Fractional distillation allows us to separate different lengths hydrocarbons, mainly alkanes, from a mixture, as they are found in crude oil. Different hydrocarbons have different uses:

Fraction

Length of atom chains

Uses

Gas

1-4

Bottled gases for camping etc.

Petrol

5-12

Petrol for combustion engines

Naphtha 

7-14

Petrochemicals

Kerosene

11-15

Plane fuels

Diesel

15-19

Combustion engines

Mineral Oils

20-30

Lubricating oils

Fuel Oils

30-40

Ship fuel and Power stations

Wax

40-50

Candles and lubrication

Bitumen

50+

Road surfaces

Cracking in Industry

  • Crude oil is heated to 350°c and pumped into the bottom of the distillation column
  • The crude oil vaporises, the smaller hydrocarbon molecules with their lower boiling points, rise and condense higher up the column
  • Going down the column the different hydrocarbon chains grow larger, going from gases to more viscous substances such as bitumen. The largest hydrocarbons do not vaporise as their boiling points are higher than 350°c and therefore collect at the bottom forming a thick residue.
  • As the crude oil rises it reaches its fractions, and being far away from the heat source and falls below its boiling point and condenses on to it. This follows a temperature gradient
  • Some gases do not do condense (e.g. propane, ethane) and are just collected at the top.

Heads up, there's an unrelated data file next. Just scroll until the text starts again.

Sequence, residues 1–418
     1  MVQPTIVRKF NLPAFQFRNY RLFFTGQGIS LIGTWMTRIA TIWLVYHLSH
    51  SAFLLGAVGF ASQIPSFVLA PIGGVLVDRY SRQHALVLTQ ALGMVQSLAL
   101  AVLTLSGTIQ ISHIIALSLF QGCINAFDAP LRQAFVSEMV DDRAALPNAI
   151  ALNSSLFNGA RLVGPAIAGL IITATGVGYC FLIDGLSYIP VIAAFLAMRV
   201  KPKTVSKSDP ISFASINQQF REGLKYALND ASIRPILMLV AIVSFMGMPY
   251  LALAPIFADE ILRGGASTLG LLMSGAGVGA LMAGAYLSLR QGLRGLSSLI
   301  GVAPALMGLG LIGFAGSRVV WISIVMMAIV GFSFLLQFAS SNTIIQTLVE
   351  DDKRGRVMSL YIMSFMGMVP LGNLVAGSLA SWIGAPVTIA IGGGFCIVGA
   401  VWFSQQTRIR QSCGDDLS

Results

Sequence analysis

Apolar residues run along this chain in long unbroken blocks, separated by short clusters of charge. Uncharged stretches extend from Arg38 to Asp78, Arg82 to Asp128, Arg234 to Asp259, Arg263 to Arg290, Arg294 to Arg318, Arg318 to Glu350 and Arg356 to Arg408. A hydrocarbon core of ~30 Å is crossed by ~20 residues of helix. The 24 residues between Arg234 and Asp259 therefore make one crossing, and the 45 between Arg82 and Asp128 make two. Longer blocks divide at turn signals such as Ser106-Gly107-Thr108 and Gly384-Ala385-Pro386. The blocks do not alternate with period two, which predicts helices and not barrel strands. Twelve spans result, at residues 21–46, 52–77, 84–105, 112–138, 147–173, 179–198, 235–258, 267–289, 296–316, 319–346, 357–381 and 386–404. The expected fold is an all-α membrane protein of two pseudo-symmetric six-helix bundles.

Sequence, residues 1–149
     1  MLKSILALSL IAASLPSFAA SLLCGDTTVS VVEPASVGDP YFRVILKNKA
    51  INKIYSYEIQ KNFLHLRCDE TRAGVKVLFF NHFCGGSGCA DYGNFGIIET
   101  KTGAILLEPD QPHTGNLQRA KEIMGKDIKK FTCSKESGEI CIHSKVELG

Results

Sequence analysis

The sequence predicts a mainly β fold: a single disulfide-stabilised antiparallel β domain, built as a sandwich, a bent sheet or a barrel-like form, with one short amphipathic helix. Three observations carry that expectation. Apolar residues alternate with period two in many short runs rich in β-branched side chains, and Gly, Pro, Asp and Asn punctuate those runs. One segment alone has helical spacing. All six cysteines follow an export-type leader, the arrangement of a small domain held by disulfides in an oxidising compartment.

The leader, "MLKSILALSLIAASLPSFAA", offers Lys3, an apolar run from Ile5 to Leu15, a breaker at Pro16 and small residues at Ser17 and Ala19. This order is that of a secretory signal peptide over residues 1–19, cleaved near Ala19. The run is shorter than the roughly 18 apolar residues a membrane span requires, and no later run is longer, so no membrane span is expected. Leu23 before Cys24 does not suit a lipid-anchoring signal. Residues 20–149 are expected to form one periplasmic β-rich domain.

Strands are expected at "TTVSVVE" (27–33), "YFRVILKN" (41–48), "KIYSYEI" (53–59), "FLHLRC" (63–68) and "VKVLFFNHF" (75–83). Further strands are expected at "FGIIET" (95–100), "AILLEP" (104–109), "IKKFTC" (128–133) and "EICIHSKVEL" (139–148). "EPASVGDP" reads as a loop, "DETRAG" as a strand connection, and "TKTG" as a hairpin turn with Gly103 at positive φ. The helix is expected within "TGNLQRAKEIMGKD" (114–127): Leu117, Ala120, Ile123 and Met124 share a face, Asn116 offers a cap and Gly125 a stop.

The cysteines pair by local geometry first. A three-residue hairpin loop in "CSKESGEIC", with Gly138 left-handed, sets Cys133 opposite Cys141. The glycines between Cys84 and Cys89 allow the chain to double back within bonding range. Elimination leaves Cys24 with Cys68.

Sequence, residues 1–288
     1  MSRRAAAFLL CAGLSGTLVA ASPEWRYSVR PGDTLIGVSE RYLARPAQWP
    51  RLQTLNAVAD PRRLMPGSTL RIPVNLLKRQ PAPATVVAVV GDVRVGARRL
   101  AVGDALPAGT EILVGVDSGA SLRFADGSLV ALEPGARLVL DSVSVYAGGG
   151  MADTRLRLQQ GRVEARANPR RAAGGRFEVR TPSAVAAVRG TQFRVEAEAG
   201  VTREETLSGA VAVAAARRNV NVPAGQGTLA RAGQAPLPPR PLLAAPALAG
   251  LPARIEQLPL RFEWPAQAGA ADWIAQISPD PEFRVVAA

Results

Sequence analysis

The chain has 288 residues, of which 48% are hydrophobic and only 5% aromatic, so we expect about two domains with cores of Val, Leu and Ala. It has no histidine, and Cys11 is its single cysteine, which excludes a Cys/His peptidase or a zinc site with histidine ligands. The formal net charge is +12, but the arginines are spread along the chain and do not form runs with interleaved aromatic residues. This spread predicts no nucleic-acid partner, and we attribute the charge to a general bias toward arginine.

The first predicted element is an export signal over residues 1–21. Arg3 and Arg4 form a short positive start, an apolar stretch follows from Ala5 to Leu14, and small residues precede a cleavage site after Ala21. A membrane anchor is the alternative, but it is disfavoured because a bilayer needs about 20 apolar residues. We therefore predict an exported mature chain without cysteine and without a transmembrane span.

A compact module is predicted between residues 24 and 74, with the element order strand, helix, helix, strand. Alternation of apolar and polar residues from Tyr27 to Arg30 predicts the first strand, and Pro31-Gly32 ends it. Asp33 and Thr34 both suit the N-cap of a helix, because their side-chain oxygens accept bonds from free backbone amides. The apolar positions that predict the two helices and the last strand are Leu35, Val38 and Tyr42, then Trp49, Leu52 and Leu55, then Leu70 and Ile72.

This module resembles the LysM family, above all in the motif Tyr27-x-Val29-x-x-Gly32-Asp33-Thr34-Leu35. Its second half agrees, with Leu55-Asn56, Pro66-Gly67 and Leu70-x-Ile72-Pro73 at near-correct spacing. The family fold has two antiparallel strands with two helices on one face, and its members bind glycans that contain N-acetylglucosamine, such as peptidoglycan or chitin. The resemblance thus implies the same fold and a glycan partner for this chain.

Cracking in a lab

The difference between industry and on a smaller scale in a lab is minimal however necessary due to the limitation of height and temperature.

  • Put the hydrocarbon mixture in the bottom of the distillation column.
  • Using an electric mantle, as they will heat the mixture to a constant set temperature which a Bunsen burner cannot achieve easily, heat the mixture
  • The mixture that you want to obtain from the set temperature will vaporise and rise up the column.
  • At the top of the column a condenser is used to lower the temperature of the vaporised liquid down, so it can therefore condense back into a liquid. The condenser has a cold circulation of water running through it.
  • A collection beaker is used to collect the required fraction.
  • After no more of the fraction is being collected, raise the temperature and use a different beaker to collect the next fraction.